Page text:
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Your Lands

        The main tool of the Allegheny Valley Conservancy is the conservation easement, a voluntary legal agreement between the property owner and the Conservancy that specifies what activities may or may not occur on a particular property. These agreements may address such things as timbering, constructing buildings, drilling, farming and so on. Each property owner may make the determination about which of these rights will be placed into protection.  Once a legal conservation easement has been negotiated, it is permanent and stays with the land even if it is sold.

         The Allegheny Valley Conservancy will assist landowners tailor a conservation plan to their individual situation and financial circumstances, and determine the property’s conservation values. The landowner can retain ownership of the property but the easement will be held and enforced by the Conservancy. 

Conservation Easement A conservation easement is a legal agreement between a landowner and a land trust that permanently limits uses of the land in order to protect its conservation values. It allows the landowner to continue to own and use the land and to sell it or pass it on to heirs. A landowner may sell a conservation easement, but usually easements are donated. If the donation benefits the public by permanently protecting important conservation resources and meets other federal tax code requirements, it can qualify as a tax-deductible charitable donation. The amount of the donation is the difference between the land’s value with the easement and its value without the easement. Placing an easement on property may or may not result in property tax savings. Find more information through the Land Trust Alliance.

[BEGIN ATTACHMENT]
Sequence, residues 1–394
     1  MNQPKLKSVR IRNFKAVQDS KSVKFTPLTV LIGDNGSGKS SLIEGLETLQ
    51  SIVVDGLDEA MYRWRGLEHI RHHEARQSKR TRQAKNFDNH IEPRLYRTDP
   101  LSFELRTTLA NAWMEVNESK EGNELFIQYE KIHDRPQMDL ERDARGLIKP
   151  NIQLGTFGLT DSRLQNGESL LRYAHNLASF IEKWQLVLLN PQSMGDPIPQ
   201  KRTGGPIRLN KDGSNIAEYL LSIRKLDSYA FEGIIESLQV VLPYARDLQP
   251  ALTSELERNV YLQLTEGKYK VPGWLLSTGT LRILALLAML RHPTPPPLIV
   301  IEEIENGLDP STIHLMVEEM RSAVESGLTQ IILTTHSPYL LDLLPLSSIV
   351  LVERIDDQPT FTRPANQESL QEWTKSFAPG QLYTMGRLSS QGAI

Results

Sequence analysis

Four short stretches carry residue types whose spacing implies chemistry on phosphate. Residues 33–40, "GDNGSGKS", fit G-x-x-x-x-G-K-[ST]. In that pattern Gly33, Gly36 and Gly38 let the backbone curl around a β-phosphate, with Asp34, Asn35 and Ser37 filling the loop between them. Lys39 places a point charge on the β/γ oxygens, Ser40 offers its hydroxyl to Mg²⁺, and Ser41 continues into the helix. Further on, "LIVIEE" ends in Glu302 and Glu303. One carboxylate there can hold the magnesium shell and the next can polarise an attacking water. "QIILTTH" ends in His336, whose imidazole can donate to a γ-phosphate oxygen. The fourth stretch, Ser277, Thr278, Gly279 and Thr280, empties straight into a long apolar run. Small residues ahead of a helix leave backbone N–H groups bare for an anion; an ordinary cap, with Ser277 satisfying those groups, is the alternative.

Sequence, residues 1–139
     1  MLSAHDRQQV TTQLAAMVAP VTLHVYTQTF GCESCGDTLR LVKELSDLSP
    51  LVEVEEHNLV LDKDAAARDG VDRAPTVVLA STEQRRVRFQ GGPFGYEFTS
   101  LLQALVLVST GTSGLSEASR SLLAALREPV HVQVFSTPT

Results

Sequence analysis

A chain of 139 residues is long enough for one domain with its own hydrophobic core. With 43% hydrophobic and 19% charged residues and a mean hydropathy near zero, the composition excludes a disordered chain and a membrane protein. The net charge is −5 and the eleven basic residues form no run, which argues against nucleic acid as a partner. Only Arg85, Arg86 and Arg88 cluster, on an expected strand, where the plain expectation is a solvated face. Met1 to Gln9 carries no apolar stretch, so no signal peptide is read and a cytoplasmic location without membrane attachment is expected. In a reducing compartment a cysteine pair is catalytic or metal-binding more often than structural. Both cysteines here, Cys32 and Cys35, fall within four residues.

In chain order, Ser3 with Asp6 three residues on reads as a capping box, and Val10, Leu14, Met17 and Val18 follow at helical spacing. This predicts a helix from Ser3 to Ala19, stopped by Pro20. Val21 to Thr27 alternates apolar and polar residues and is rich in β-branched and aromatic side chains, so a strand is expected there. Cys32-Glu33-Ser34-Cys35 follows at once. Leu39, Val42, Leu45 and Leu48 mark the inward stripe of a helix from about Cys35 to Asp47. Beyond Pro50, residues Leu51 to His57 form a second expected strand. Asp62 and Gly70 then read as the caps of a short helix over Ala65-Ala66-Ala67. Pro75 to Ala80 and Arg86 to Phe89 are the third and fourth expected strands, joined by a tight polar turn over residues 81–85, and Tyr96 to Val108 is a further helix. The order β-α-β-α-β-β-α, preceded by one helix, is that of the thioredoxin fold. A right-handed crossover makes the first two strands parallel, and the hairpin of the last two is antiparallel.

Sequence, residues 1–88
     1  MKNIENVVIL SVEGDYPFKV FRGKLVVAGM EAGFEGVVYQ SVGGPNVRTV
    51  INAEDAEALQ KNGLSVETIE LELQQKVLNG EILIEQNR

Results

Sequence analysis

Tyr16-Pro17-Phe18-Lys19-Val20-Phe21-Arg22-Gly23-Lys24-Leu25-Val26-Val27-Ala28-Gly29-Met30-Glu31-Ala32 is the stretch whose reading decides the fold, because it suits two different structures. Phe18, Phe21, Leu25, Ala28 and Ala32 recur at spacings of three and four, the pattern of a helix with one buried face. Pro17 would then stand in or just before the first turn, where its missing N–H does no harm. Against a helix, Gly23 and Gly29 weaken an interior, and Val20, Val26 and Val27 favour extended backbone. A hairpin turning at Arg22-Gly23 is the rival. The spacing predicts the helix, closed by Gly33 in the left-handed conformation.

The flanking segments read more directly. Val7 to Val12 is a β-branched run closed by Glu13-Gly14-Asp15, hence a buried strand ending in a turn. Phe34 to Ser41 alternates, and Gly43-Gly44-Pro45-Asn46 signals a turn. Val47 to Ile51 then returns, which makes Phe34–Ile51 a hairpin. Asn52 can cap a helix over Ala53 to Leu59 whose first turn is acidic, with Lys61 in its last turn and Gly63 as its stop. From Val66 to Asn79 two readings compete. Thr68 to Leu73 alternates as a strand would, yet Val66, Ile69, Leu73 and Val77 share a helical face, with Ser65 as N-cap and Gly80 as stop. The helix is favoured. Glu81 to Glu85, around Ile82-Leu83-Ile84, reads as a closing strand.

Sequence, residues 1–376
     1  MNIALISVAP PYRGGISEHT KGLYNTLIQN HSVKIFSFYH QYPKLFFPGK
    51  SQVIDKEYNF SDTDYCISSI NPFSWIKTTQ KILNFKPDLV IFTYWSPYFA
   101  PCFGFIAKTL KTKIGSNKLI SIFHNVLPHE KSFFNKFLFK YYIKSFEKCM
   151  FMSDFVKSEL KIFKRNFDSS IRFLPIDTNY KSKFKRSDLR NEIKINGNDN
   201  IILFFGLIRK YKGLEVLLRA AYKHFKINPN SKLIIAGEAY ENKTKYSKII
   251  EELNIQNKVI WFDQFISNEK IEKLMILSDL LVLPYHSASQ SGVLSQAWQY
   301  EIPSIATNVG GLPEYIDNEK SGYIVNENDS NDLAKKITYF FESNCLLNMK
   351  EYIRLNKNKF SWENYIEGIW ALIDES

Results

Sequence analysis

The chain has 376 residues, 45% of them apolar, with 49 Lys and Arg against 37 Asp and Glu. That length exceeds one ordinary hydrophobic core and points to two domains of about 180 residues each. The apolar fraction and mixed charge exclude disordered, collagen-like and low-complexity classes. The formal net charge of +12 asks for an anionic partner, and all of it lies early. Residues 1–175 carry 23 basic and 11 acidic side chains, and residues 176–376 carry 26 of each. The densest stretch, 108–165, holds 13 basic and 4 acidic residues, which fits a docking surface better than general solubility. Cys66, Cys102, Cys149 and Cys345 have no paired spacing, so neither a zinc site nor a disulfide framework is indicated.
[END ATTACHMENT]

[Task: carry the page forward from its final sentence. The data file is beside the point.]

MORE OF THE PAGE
St. George - easement

The first conservation easement held by AVC is for the Allegheny Valley Trails Association (AVTA).  The organization offered to donate the easement on property AVTA owns along the Allegheny River Trail in southern Venango County Pennsylvania near the Village of St. George.  The easement protects 15 acres of Allegheny River riparian corridor and offers camping along the trail.  Look for the Adirondack shelters near mile 18. 

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White - easement

"In my view French Creek is a historically and environmentally unique and important stream. For those of us who own property abutting the stream we have a responsibility to maintain and, as best possible, preserve or improve the quality of the stream. The Allegheny Valley Conservancy not only focuses on sustaining the stream's high aesthetic and use qualities, but also, through its expertise, provides those so inclined with information and assistance to do their part in preserving and improving the stream."   - Bill White

Mr. White’s easement protects 152 acres of wooded land adjacent to French Creek.

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Stanley & Goodblood - easement

This land is a bird sanctuary as well as an area for turtle research.  With over 400 acres of protected land in a variety of habitats, there is also significant frontage along French Creek.  It also adjoins the Buttermilk Bluffs land co-owned by the Allegheny Valley Conservancy and the French Creek Valley Conservancy resulting in a very large area permanently conserved for wildlife habitat, scenic value and water quality. 

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